The Pont du Gard Aqueduct in France
Crossing the Gardon River in southern France, the Pont Du Gard is one of the best-preserved ancient aqueduct bridges built in the first century AD by the Romans. In 1985 it was added to the list of World Heritage Sites by UNESCO (United Nations Educational, Scientific, and Cultural Organization) for its historical importance. By the 1990’s the aqueduct had become a large tourist attraction and is now one of France’s top five tourist attractions.
It’s believed that the bridge took around fifteen years, and 800 to 1,000 workers to complete. The bridge is constructed of shelly limestone with three tiers of arches, stands 160 ft high, and drops 41 ft throughout the whole aqueduct. The first tier is adjoined to a road bridge that was added during the 18th century, and the third tier carries the water conduit. Some of the limestone blocks weigh up to 6 tons, with a majority of the stone being extracted from the Gardon River banks downstream. The bridge was constructed without the use of clamps or mortar since the blocks were cut to fit together by gravity and friction. Various instructions and messages were inscribed on the blocks by builders with numbers and required locations to guide them.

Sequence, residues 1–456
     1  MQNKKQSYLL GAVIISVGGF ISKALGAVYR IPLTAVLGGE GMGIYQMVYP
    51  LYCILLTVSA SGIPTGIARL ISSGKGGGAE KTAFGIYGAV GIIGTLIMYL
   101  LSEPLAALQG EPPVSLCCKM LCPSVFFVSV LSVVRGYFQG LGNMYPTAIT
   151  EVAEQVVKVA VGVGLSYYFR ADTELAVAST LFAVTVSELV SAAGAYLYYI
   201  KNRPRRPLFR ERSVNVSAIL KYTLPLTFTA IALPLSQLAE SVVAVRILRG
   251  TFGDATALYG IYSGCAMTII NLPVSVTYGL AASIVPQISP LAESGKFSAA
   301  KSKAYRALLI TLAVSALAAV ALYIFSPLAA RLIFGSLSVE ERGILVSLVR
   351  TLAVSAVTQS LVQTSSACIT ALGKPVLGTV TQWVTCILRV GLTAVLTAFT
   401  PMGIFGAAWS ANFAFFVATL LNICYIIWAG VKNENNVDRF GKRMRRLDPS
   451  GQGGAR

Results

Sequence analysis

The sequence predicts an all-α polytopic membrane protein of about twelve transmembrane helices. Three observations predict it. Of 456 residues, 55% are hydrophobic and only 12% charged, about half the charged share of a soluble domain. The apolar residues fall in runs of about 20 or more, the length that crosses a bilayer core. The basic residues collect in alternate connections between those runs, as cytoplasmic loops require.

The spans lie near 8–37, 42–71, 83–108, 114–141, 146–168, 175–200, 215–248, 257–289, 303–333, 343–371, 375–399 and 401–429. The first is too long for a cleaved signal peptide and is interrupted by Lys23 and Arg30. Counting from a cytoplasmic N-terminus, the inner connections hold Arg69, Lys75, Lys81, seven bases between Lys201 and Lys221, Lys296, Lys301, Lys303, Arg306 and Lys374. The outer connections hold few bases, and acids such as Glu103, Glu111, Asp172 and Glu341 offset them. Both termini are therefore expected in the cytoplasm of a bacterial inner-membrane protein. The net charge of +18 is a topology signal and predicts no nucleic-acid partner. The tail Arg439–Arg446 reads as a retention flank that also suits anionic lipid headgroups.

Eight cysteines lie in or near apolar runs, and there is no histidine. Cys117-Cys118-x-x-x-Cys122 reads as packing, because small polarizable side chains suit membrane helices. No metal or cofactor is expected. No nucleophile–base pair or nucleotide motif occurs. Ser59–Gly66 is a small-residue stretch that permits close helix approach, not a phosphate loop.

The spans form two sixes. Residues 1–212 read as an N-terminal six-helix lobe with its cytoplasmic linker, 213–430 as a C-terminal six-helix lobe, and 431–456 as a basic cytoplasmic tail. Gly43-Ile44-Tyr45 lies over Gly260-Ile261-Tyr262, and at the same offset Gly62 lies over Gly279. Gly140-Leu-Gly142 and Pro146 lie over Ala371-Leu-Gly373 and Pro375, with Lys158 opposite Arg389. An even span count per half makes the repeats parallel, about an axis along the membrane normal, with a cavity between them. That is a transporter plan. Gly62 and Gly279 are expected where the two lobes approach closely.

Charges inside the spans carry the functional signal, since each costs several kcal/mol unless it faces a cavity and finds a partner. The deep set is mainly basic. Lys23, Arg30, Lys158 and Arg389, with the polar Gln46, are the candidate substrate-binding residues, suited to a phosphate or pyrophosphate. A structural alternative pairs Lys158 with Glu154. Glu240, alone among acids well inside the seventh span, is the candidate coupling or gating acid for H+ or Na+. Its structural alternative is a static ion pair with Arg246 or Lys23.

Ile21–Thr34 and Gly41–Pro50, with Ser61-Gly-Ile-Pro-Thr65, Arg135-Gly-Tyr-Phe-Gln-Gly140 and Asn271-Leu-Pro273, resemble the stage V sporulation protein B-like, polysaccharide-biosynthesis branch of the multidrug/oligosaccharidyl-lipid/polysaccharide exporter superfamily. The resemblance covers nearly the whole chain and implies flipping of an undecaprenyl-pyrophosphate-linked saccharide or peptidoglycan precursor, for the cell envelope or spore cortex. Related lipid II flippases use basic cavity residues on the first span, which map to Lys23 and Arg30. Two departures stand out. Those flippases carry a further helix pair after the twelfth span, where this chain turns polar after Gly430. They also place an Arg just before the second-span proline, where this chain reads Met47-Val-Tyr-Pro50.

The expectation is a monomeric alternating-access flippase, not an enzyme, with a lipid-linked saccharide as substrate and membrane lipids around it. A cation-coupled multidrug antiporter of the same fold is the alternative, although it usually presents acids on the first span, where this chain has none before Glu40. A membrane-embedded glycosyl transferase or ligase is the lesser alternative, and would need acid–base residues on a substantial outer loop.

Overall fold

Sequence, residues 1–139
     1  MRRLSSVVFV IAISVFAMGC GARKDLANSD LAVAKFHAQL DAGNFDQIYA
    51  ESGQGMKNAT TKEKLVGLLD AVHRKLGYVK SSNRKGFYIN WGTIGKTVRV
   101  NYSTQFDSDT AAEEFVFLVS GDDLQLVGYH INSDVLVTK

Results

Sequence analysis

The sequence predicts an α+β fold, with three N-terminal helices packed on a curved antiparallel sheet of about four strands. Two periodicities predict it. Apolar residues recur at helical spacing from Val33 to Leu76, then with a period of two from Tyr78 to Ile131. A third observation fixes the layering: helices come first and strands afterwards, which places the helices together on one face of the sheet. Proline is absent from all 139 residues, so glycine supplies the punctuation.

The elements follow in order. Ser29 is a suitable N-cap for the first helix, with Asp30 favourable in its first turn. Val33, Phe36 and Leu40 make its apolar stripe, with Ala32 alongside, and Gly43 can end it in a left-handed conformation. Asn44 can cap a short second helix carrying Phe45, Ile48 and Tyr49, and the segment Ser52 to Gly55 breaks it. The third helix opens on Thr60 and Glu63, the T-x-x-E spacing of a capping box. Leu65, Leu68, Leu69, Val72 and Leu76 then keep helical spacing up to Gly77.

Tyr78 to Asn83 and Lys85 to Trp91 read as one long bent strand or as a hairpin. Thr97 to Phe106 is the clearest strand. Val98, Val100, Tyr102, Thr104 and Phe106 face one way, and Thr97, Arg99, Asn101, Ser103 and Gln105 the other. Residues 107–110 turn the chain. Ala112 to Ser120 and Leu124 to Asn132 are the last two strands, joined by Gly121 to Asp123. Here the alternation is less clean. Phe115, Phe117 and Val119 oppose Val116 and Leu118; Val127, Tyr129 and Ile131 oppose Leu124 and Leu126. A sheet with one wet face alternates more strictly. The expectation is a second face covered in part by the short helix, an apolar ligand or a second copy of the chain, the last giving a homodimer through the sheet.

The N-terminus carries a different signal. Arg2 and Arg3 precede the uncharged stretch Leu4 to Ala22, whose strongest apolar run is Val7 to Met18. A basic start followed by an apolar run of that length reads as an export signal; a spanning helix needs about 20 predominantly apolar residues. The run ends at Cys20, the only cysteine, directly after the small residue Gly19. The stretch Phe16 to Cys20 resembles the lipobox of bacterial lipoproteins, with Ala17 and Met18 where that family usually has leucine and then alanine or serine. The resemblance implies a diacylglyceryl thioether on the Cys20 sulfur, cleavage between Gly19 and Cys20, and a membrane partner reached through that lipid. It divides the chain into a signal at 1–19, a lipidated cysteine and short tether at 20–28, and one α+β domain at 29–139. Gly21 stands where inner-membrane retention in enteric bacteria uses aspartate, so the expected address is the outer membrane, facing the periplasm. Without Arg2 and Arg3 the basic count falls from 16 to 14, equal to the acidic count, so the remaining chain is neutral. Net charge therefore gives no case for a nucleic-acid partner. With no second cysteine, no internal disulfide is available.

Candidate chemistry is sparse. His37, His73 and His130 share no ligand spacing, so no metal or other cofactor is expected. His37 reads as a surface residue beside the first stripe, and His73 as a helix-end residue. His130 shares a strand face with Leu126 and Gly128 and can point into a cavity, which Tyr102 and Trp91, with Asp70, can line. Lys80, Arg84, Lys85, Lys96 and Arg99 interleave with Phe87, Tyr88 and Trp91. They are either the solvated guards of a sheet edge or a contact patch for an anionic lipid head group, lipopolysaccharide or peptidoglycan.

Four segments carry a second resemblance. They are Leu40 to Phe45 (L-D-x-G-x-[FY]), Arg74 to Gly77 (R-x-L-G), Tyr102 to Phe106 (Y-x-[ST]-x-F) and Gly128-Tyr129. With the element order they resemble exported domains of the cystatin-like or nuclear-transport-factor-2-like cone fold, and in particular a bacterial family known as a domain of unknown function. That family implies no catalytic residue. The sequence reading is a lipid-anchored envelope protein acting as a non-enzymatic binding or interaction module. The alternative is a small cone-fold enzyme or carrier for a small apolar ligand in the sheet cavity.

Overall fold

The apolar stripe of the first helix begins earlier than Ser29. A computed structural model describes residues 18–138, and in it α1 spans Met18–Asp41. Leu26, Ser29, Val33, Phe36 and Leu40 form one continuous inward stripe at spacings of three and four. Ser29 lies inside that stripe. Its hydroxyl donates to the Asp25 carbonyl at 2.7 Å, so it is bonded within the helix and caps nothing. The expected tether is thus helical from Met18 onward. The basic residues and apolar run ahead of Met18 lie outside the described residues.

The aqueduct originally carried 8,800,000 imperial gallons of water every day to the citizens of Nimes until sometime around the 6th century when a lack of maintenance and clogging stopped the flow of water. The bridge stayed intact and was used as a toll bridge after the fall of the Roman Empire and the disuse of the aqueduct. Local bishops and lords levied tolls on travelers crossing the river to pay for the upkeep of the bridge.
During the 17th century and over time, serious damage occurred and stone blocks were stolen. Between 1743 and 1747, a new bridge built by Henri Pitot was added so that road traffic would be able to cross. Unfortunately, the bridge continued to deteriorate and was close to collapsing. In the 1800’s, Napoleon III approved architectural plans to repair the bridge with funding by the Ministry of State. With continuous repairs and restoration projects throughout the years, the Pont du Gard also continues to survive through major recent flooding.
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